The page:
Expected interest rate hike in 2017
The US Federal Reserve hiked interest rates by 25 basis points on December 14, 2016. However, more concerning from the investors’ point of view was the targeted hike of 75 basis points in 2017. The Fed has now increased its projected rate hike from two quarter-point increases to three quarter-point hikes from its September 2016 estimate.
Notably, in the past eight years, the Fed has increased benchmark interest rates by only half a percentage point. But we should note that the Fed often overestimates its rate hikes. In 2016, it projected four hikes and delivered only one.
Although the move was widely expected, we saw a broad-based sell-off in the markets. According to the above dot plot, the Fed sees three interest rate hikes in 2017, while the previous dot plot implied two rate hikes in 2017.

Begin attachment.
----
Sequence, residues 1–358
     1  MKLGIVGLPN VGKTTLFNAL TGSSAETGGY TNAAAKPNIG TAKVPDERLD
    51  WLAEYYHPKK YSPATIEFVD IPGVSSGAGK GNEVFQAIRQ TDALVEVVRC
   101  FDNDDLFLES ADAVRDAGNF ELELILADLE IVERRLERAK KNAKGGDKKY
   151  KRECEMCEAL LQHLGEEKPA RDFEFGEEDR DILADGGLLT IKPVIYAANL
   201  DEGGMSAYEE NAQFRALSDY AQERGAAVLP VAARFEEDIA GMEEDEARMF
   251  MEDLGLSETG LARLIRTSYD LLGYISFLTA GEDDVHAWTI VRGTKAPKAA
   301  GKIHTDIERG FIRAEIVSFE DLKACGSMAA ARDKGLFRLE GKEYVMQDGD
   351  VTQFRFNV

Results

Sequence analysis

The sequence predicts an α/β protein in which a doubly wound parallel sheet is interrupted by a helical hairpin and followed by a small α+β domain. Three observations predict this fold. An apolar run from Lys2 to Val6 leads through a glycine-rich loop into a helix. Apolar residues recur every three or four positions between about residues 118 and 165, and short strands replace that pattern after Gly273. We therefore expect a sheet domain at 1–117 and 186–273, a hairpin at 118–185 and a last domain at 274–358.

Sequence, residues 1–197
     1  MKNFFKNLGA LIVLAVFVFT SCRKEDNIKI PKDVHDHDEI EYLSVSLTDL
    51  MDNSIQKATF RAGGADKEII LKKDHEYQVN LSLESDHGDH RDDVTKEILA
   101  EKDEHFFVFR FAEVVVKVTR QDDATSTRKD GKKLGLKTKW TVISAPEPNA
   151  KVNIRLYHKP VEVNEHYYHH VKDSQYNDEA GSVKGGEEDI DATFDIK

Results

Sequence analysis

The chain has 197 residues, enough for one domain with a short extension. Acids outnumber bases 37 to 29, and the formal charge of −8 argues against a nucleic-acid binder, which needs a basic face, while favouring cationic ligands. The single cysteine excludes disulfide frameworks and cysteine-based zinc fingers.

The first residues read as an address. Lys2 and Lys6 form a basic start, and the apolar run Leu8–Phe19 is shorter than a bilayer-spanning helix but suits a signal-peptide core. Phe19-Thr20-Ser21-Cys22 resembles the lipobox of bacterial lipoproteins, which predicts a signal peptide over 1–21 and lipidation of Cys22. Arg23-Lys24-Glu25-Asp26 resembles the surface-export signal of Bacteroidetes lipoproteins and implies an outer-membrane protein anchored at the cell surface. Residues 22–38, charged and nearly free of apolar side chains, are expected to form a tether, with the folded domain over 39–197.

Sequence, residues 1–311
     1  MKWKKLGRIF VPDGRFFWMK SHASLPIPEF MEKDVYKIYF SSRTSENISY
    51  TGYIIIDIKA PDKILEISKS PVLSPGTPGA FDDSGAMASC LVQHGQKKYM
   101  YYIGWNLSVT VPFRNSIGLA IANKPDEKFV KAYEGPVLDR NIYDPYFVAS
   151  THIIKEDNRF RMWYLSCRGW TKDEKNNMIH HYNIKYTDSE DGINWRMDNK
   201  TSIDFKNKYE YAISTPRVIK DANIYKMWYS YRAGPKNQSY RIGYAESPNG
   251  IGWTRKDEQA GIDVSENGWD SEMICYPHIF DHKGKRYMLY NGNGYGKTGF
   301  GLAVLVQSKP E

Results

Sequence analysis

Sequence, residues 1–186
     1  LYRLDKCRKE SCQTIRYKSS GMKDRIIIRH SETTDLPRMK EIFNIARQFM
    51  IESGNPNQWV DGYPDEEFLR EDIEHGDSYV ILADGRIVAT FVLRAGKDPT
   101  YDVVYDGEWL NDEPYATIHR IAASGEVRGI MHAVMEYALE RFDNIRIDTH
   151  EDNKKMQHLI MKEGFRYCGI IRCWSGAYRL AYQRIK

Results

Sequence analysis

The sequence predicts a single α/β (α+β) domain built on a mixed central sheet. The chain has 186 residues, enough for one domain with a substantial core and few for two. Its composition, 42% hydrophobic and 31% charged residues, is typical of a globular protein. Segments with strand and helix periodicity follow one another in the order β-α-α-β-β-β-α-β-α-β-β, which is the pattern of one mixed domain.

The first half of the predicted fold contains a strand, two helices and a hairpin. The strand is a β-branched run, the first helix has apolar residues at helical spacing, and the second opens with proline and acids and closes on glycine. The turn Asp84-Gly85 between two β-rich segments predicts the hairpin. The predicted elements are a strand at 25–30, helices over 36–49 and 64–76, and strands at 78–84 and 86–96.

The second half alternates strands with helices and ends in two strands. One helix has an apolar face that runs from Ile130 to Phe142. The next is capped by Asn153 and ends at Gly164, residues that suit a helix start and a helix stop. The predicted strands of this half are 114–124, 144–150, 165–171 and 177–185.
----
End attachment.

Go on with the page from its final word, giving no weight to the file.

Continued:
Why the Fed seems so aggressive in 2017
The primary reason behind Fed’s aggressive rate hike target for 2017 could be President-elect Trump’s infrastructure spending plans and proposed tax cuts. The picture on the estimated rate hike is likely to get clearer when the Fed will release the meetings of its December meeting this week.
The yield on the ten-year Treasury Note surged to 2.60% after the 25 basis point hike on December 14, 2016. If the Fed sticks to its plan and delivers, this yield is likely to jump significantly, and we may see a sell-off in defensives like utilities (DUK) (SO) (NEE). Investors could also dump bond substitutes like utilities in order to de-risk. But remember, the Fed has a long history of missing its expected rate hikes and economic growth estimates.